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Biden Says Facebook, Tech Platforms Are ‘Killing People’ By Spreading Misinformation On Covid Vaccines

By News Creatives Authors , in Business , at July 16, 2021


President Joe Biden sharply criticized tech platforms like Facebook on which Covid-19 vaccine misinformation spreads, a day after his administration issued an urgent warning on the proliferation of vaccine misinformation this week as hesitancy over getting the shot remains high.

Key Facts

Asked by a reporter Friday what his message is to Facebook and other platforms, Biden responded: “They’re killing people.”

“The only pandemic we have is among the unvaccinated,” Biden said, before reiterating the platforms are “killing” those who choose not to get the shot.

The president’s comments come one day after U.S. Surgeon General Dr. Vivek Murthy issued an advisory against “the urgent threat of health misinformation,” which warns product features on tech platforms that “reward engagement rather than accuracy” are “contribut[ing] to the spread of misinformation.”

Murthy reiterated his concerns during a White House Covid-19 briefing Friday, saying the spread of misinformation “has led to avoidable illnesses and deaths” and the issue demands an “all-of-society” response.

The surgeon general singled out tech companies and said they “must act” against misinformation, suggesting platforms should increase transparency, change their algorithms to stop misinformation from spreading and “swiftly and consistently take action against misinformation super-spreaders on their platforms.”

Facebook has not yet responded to a request for comment on Biden’s comments.

Crucial Quote

“Technology companies have enabled misinformation to poison our information environment with little accountability to their users,” Murthy said at the Covid-19 briefing Friday, noting those who intentionally spread misinformation on tech platforms can “have extraordinary reach.” “In this advisory, we’re telling technology companies that we expect more.”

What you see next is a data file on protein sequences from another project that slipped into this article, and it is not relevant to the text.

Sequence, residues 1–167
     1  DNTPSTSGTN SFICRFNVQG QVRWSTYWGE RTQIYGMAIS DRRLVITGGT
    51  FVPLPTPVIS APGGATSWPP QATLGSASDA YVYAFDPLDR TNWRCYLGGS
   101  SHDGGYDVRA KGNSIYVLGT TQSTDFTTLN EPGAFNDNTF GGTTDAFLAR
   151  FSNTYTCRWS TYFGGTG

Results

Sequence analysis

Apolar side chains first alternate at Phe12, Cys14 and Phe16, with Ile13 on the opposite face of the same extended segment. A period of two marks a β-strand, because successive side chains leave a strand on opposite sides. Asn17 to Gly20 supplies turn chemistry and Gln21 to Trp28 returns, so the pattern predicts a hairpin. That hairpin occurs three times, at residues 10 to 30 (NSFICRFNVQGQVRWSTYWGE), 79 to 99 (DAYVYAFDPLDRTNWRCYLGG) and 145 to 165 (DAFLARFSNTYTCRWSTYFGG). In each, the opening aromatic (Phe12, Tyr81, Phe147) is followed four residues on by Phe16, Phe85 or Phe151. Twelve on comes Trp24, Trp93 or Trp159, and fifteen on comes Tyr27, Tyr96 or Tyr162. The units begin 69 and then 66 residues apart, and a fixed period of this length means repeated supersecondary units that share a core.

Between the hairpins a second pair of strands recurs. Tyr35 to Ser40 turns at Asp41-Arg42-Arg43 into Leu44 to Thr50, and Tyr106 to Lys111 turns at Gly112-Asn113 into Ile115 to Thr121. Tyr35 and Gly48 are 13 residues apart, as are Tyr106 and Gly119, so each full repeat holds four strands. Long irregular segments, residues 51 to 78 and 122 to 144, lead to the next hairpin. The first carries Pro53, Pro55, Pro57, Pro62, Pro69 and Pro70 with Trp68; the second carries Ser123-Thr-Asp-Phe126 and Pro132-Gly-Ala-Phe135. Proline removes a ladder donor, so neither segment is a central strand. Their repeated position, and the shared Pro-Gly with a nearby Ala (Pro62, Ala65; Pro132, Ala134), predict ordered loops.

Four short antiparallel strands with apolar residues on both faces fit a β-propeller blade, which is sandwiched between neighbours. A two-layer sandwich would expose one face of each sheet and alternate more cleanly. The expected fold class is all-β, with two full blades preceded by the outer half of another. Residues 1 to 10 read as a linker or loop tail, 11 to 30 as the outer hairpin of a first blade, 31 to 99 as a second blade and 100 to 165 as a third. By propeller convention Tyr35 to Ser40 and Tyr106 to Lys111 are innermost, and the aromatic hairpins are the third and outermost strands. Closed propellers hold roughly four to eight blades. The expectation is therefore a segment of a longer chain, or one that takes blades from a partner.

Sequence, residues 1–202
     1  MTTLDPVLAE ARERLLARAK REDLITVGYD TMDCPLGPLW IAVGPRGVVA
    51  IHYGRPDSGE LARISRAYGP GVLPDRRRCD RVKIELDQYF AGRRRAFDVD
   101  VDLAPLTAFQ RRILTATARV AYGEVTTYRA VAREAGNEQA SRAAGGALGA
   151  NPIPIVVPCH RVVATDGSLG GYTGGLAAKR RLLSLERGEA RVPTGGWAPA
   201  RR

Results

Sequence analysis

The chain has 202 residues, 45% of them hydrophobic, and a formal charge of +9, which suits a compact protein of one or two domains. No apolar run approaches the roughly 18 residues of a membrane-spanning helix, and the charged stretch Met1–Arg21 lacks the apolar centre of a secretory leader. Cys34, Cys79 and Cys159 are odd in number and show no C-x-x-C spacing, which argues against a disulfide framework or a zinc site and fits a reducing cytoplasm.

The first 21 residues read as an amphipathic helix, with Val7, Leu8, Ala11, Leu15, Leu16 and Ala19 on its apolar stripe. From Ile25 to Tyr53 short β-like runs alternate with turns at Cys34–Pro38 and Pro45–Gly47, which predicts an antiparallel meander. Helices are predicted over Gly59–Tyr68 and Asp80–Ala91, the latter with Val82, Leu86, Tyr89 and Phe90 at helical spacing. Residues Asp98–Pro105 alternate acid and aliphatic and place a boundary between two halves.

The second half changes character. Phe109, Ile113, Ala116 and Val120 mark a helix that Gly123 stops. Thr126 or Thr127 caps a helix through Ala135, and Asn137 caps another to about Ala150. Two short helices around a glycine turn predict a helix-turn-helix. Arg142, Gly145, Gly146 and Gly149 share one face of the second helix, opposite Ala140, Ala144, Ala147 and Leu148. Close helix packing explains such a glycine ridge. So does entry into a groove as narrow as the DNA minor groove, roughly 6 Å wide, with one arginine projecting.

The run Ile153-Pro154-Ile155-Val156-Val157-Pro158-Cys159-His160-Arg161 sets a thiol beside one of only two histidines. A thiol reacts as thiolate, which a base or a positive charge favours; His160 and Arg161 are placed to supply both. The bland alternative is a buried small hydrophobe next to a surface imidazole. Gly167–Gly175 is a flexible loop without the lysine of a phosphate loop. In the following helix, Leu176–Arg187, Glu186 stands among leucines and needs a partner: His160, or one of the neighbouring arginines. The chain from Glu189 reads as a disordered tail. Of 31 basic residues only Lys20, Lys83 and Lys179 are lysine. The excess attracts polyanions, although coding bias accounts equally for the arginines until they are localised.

Big Number

67%. That’s the percentage of unvaccinated Americans who believed at least one myth about the Covid-19 vaccine, according an April poll from the Kaiser Family Foundation, including false claims that the vaccines themselves cause Covid-19 or infertility, vaccines can alter DNA, it is expensive to get vaccinated and that those who have already had Covid-19 should not get the shot.


Facebook has taken steps to address vaccine misinformation on its platform, including by directing people toward information from trusted sources on the vaccine, giving advertising credits to public health agencies to share vaccine information, prioritizing authoritative sources on its search tools and expanding efforts to eradicate misinformation from its platform by adding a wider range of false claims as being grounds for a post’s removal.

Key Background

Misinformation has long been an issue on Facebook and concern of federal officials and lawmakers, not only involving Covid-19 but also issues like the 2020 election and climate change. The Biden administration’s condemnation of vaccine misinformation comes as vaccine hesitancy remains a major issue in the U.S., with the country failing to reach Biden’s goal of 70% of U.S. adults receiving at least one vaccine dose by July 4. Eighteen states still have only inoculated fewer than 50% of their population with at least one vaccine dose, according to the Centers for Disease Control and Prevention. Public health officials have particularly urged people to get vaccinated in light of the highly transmissible Delta variant, which is now causing Covid-19 cases to rise in all 50 states, as studies suggest the vaccines are largely protective against the Delta variant and are highly effective at preventing severe illness, hospitalization and death. “There is a clear message that is coming through: This is becoming a pandemic of the unvaccinated,” CDC Director Dr. Rochelle Walensky said Friday.

Further Reading

Surgeon General Reveals He’s Lost 10 Relatives To Covid As He Campaigns Against Vaccine Misinformation (Forbes)

Persistent Vaccine Myths (Kaiser Family Foundation)

How Well Does The Pfizer Vaccine Protect Against The Delta Variant? Here’s What We Know (Forbes)

Pfizer Shot Much Less Effective Against Delta, Israel Study Shows — Here’s What You Need To Know About Variants And Vaccines (Forbes)

Here Are The Groups That Still Won’t Get The Covid Vaccine—And Why (Forbes)

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